About the Producer
- Vincent Gazaigne founded Talweg, an independent audiovisual production company that specializes in documentaries on social, historical, cultural themes and investigation.
- Talweg’s priority is its relationship with authors and directors in order to create and accompany new films through ever-changing modes of writing and broadcasting.
- Single episode (52′)
- In 2017, Vincent Gazaigne’s Talweg Productions secured development funding from Procirep-Angoa.
- Cédric Gruat conducted further research and drafted scripts.
- Talweg digitized the color footage.
- Production manager Julie Meigniez assisted.
- The project was first submitted to French public TV network France Télévisions, who found the official trip angle was an interesting way to re-explore de Gaulle’s legacy and the 60’s, but said they could not commission a film that blended facts and fiction.
- Histoire TV, with which Talweg has built a strong partnership over the years, rapidly understood the originality and the challenges that such a film offers to their public.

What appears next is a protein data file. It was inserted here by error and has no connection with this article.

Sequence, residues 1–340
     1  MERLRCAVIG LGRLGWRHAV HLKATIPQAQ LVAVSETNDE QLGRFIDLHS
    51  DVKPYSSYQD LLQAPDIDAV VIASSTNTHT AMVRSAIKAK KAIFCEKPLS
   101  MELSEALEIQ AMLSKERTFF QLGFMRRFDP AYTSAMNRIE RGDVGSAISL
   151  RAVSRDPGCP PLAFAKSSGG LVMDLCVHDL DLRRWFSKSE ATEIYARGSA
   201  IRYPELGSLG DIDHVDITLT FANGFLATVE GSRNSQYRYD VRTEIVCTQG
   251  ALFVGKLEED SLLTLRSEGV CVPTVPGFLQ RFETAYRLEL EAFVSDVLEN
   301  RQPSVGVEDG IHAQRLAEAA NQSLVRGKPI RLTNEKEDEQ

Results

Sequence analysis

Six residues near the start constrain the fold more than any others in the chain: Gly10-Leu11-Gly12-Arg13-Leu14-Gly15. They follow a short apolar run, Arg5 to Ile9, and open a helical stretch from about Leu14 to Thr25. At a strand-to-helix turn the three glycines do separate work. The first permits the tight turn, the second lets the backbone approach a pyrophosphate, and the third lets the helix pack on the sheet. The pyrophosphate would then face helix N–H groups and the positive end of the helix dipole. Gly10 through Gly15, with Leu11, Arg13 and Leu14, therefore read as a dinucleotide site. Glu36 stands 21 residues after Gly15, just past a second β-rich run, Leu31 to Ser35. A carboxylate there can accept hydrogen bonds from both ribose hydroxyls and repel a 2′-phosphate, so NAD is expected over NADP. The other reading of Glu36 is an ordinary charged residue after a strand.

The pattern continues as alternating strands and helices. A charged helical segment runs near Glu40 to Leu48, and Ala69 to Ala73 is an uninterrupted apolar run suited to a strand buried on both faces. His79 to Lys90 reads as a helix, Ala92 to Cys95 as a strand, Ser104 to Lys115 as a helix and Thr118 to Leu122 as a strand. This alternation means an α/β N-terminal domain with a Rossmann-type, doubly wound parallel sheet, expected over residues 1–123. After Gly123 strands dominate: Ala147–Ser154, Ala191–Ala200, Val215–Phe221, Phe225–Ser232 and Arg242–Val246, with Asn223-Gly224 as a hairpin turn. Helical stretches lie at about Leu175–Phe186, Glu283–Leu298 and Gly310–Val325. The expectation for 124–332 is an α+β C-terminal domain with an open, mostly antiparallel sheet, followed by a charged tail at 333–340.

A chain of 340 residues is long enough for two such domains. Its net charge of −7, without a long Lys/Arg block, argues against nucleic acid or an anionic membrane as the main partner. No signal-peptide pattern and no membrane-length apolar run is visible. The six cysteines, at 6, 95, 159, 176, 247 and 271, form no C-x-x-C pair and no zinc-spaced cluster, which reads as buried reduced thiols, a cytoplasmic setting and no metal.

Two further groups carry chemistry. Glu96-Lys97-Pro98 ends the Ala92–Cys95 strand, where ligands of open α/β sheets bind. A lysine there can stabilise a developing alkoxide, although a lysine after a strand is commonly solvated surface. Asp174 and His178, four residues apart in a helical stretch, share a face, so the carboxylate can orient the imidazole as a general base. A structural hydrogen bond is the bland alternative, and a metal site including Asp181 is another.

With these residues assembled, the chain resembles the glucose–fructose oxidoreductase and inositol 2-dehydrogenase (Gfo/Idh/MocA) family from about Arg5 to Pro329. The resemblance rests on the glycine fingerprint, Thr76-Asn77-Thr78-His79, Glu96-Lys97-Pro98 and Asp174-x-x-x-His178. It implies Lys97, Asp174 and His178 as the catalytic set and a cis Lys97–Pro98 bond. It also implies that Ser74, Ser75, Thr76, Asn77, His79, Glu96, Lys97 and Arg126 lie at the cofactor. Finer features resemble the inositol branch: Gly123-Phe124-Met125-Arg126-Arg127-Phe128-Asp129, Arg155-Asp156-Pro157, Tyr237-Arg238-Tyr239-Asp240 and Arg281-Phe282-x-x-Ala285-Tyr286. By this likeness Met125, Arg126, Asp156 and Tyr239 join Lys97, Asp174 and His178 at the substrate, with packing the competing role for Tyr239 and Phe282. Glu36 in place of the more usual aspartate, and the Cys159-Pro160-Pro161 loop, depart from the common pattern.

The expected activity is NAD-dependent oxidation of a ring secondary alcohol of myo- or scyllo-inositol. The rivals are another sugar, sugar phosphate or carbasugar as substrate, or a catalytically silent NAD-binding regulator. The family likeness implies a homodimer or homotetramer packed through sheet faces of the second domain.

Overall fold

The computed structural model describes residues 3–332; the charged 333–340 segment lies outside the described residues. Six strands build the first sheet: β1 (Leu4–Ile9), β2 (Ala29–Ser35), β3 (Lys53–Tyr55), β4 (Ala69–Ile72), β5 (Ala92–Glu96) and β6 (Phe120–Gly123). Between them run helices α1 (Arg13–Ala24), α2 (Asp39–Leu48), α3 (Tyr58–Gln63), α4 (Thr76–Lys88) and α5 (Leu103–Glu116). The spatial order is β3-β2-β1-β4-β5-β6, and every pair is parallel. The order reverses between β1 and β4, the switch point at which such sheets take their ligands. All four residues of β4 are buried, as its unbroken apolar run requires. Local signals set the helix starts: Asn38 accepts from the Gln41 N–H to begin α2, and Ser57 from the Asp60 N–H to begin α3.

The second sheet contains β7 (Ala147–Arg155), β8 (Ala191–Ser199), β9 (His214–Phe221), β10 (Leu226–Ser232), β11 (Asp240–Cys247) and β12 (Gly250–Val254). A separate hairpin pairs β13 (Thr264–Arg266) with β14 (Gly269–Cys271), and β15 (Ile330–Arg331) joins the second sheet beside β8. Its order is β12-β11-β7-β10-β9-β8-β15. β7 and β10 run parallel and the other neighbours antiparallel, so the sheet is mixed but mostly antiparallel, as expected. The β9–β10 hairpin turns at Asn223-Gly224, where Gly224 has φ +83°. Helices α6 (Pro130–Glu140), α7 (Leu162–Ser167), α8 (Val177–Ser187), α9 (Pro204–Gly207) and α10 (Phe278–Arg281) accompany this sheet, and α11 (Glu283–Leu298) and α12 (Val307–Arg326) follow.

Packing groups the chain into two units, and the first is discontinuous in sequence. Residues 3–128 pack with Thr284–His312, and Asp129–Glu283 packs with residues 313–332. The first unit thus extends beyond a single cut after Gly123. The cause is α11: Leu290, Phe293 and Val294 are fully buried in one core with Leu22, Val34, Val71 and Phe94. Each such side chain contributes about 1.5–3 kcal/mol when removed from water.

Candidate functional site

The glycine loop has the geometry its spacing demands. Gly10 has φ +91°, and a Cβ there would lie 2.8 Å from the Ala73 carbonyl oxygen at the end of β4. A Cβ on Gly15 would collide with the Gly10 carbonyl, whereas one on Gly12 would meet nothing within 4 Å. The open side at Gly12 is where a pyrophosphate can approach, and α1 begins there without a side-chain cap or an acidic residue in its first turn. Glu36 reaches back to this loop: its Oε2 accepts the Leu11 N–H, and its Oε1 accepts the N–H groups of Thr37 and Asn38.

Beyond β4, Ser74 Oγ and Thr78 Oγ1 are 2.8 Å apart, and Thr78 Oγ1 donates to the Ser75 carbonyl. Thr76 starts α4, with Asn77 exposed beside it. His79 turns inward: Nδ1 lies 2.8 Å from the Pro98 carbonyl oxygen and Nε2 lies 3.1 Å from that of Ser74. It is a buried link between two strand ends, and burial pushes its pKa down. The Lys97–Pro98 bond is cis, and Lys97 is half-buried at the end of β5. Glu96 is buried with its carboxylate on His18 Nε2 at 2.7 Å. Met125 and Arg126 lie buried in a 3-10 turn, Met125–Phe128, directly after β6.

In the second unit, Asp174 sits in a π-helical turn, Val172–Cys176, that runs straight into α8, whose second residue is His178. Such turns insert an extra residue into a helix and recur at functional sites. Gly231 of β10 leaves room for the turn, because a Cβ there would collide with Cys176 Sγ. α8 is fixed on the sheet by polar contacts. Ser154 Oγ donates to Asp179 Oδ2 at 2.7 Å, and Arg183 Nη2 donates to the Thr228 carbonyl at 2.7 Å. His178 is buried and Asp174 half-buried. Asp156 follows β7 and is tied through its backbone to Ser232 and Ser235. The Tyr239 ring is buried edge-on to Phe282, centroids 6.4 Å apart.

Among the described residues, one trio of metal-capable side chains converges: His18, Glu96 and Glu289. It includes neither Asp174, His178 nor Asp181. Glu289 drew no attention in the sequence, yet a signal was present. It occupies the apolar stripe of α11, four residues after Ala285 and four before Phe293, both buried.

- “I pitched the project to the broadcasters with text and stills because at that time the audiovisual material had not been digitized yet.” Vincent Gazaigne
About the Buyer, Histoire TV
- Histoire TV is a French history channel owned by TF1 and led by Christophe Sommet.
- It covers a wide range of subjects, from world wars to ancient civilizations, from geopolitics to cinema and art history… but always with an ambition to offer a new angle of events. (Histoire’s home page below).
- Pipeline in 2020:
- Acquisitions: 250 hours
- Pre-buys: 50 hours
- Coproductions: 15 hours
- Histoire’s trend towards pre-buys and co-pro’s is driven by “the need to access original, modern, quality content.”
- Partners include British, Japanese, Danish, German and Italian companies.
- “Investments vary, depending on the production value, of course, but also on the degree of editorial fit and communication potential: as a small pay-tv channel, we need to get the word out there.”